How the audience can become part of the show in science.
The world of journalism has been turned upside-down in recent years by social media technologies that allow a wider range of people to take part in gathering, filtering and distributing news. Although some professional journalists resisted this trend at first, most now appreciate the likes of Facebook, Twitter and blogs in expanding the sources of news and opinion and accelerating dissemination: the audience has become part of the show.
Could the internet one day wreak the same sort of social change on the world of science, breaking down the distinction between amateur and professional? In the world of high-energy physics, that might seem unlikely. What amateur can really contribute something substantial to, say the analysis of LHC data? Yet in many fields of science, the scope for amateur contributions is growing fast.
Modern astronomy, for example, has a long tradition of inspired amateur contributions, such as spotting comets or supernovae. Now, the internet has broadened the range of tasks that amateurs can tackle. For example, the project GalaxyZoo, led by researchers at the University of Oxford, invites volunteers to participate in web-based classification of galaxy images. Such pattern recognition is a task where the human mind still tends to outperform computer algorithms.
Not only can astronomers attract hundreds of thousands of free and eager assistants this way, but occasionally those helpers can themselves make interesting discoveries. This was the case for a Dutch school teacher, Hanny van Arkel, who spotted a strange object in one of the GalaxyZoo images that had stumped even the professional astronomers. It now bears the name “Hanny’s Voorwerp”, the second word meaning “object” in Dutch.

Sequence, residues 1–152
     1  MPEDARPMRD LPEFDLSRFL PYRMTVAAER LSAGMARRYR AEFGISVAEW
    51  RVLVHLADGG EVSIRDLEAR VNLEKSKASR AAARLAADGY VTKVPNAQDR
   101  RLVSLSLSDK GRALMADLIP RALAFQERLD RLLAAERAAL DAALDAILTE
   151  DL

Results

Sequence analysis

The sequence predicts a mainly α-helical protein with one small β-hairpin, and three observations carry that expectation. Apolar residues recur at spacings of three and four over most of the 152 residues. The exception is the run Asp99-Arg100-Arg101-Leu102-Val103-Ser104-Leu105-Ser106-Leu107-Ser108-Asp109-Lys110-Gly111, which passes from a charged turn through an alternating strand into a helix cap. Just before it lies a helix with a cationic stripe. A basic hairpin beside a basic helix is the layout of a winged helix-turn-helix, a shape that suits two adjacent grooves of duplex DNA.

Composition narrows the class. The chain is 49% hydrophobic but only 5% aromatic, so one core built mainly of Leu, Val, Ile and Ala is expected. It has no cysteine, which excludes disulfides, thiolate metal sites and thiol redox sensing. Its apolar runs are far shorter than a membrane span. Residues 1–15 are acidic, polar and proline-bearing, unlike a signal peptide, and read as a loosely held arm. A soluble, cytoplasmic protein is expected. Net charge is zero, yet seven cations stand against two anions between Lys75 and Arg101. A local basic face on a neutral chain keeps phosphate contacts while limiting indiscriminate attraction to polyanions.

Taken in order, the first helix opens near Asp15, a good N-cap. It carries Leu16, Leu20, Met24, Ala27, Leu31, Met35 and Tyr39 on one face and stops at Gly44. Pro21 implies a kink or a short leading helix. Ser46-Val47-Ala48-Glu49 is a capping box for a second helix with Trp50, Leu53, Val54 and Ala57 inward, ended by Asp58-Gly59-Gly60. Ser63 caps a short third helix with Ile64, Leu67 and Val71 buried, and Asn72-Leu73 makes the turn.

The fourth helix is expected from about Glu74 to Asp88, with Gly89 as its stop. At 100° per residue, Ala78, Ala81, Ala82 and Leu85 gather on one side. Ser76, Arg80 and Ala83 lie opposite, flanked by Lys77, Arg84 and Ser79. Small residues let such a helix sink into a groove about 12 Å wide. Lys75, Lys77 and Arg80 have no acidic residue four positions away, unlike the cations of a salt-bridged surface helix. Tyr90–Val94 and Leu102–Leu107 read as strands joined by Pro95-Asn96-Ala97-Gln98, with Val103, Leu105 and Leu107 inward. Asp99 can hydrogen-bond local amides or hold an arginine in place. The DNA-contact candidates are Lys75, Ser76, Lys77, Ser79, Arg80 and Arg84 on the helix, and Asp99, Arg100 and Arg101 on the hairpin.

GalaxyZoo is just one of many volunteer-based projects making waves in astronomy. Projects such as Stardust@home, Planet Hunters, Solar Watch and MilkyWay@home all contribute to cutting-edge research. The Einstein@home project uses volunteer computing power to search for – among other things – pulsar signals in radio-astronomy data. Run by researchers at the Max-Planck Institute for Gravitational Research, the project published its first discoveries in Science last year, acknowledging the names of the volunteers whose computers had made each discovery.
However, it is in fields outside those traditionally accessible to amateurs where some of the most impressive results of citizen-powered science are beginning to be felt. Consider the computer game FoldIt, where players compete to fold protein molecules into their lowest energy configuration. Humans routinely outperform computers at this task, because the human mind is uniquely apt at such spatial puzzles; and teenagers typically out-compete trained biochemists. What the scientists behind the FoldIt project, based at the University of Washington, have also discovered is that the players were spontaneously collaborating to explore new folding strategies – a possibility the researchers had not anticipated. In other words, the amateur protein folders were initiating their own research programme.